This is the fourth time that the tribe has gone before either the Legislature or voters on Election Day to ask for support for a racino Down East. The Passamaquoddy’s most recent defeat was in 2007 when voters turned down the tribe’s request to build a $50 million racino in Calais.
But that same year, voters did approve a measure that allowed Hollywood Slots to build a racino in Bangor. Penobscot County voters will be asked on Nov. 8 to expand gambling at Hollywood Slots to include table games. Another casino approved by voters last year is under construction in Oxford County.
“Now it is our turn,” Indian Township Tribal Chief Joe Socobasin said during Monday’s news conference in Calais.
According to Socobasin, the tribe wants to forge its own economic development path and he said a racino would help it do that.
“Our racino doesn’t get us to the end of the path, but it’s an important start,” Socobasin said.
Pleasant Point tribal Chief Clayton Cleaves noted that for the past two decades, the tribe has tried to get a gaming facility Down East.
“Each time we have been turned down. Legislatures have turned us down, governors have turned us down, and Maine voters have turned us down,” Cleaves said.
Cleaves stressed that the tribe was not asking for special treatment.
“We just want the same economic opportunities that have been given to the folks in other parts of Maine. We want to provide jobs for Washington County, for people in the tribe and people not in the tribe. We want to make a better future for the next generations,” Cleaves said.
John Marchese, who owns the Calais Motor Inn, said he supported the measure. “The crowd here today knows better than anyone that the recession has hit us very hard in Washington County,” he said. “Unemployment is above 10 percent, much higher than the state average and we have had very few projects to cheer about.”
But the racino would be something to cheer about, he said.
“I see Question 2 as an opportunity to help our regional economy and the state’s economy as a whole. A racino will be a destination that introduces people to a beautiful part of Maine,” Marchese added.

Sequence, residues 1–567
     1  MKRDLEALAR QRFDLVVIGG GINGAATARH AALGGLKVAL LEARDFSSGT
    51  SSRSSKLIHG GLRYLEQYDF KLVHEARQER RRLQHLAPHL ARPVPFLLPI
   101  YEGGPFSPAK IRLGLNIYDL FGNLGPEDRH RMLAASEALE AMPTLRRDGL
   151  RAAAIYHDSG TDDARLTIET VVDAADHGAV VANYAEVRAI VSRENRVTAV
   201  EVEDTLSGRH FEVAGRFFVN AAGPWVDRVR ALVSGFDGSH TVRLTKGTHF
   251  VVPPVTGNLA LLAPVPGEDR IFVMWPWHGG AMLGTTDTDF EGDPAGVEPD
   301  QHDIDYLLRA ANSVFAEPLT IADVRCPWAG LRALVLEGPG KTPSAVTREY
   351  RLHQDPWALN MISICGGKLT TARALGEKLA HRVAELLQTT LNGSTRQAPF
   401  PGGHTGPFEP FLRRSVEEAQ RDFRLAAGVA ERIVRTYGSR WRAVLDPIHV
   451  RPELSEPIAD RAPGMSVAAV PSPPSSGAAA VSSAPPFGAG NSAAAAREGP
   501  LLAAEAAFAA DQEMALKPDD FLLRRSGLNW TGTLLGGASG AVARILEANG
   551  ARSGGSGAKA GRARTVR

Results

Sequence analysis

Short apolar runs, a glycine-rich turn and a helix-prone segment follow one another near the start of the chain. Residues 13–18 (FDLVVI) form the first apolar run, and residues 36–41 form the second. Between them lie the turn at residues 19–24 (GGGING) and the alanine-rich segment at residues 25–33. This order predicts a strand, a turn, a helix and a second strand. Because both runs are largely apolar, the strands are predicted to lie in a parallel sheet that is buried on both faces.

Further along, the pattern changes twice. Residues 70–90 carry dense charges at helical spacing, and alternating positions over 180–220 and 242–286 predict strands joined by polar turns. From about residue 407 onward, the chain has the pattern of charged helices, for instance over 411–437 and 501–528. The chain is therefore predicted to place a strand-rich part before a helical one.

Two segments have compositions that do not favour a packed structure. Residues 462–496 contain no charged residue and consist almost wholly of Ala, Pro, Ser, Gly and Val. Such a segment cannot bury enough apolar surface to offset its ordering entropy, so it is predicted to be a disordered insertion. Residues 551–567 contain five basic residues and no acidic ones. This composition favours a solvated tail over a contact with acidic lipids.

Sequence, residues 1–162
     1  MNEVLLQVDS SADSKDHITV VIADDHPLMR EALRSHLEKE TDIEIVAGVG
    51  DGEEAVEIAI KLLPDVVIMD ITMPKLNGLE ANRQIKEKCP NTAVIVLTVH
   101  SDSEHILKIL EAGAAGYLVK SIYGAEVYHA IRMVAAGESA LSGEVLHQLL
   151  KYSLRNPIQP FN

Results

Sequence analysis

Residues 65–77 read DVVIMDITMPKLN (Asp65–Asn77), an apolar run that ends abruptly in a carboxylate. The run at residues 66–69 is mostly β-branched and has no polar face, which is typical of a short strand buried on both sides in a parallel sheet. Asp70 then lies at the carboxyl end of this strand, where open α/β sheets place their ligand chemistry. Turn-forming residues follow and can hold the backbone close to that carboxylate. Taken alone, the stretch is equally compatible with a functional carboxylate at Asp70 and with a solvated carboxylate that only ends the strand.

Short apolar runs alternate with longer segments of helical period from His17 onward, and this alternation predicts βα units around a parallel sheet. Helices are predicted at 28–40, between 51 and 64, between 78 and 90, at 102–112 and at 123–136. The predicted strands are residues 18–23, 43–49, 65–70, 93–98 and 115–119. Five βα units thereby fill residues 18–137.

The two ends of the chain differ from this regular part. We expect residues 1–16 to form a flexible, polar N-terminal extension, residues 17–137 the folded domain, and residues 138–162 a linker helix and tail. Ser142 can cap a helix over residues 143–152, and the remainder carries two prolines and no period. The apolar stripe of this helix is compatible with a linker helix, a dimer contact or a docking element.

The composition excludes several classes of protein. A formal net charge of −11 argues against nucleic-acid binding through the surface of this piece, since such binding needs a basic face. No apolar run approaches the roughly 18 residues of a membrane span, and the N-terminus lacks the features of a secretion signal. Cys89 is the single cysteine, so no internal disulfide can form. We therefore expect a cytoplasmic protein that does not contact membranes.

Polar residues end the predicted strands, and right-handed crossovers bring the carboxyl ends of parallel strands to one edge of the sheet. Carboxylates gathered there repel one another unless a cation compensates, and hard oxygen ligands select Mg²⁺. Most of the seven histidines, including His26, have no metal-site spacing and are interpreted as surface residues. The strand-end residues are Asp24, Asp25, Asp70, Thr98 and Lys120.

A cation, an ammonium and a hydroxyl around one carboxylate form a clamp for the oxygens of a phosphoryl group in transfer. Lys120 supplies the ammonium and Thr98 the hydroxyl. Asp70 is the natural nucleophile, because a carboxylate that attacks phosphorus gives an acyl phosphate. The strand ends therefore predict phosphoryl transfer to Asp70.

Calais City Manager Diane Barnes predicted that the racino would be one of the largest economic investments the region has ever had.
She also disagreed with opponents’ take on the Canadian impact.
“If Maine voters pass Question 2, the racino will be an attractive destination that will bring people from all different parts of the United States and Canada to Calais,” she said.
Although the tribe is pushing hard to get the measure passed, it has provided no specifics about the cost or size of the project.
During past efforts, the tribe had an option on a 300-acre parcel in Calais.
“We spent a decent amount of money in 2007 on options. So this time we’ve just said if it passes, we will go to the land owners. We know they are still interested in selling it, but we haven’t negotiated prices at this point,” Socobasin said Monday.
Nor have tribal leaders attached a dollar amount to how much it would cost to build a racino. They said they would pursue a feasibility study once the measure passed.
Cleaves said the tribe was optimistic that this year would be its year.
“We have been on the dance floor now for nearly 20 years,” he said. “The whole idea is that gaming is allowed in the state of Maine [and] now it is our turn.”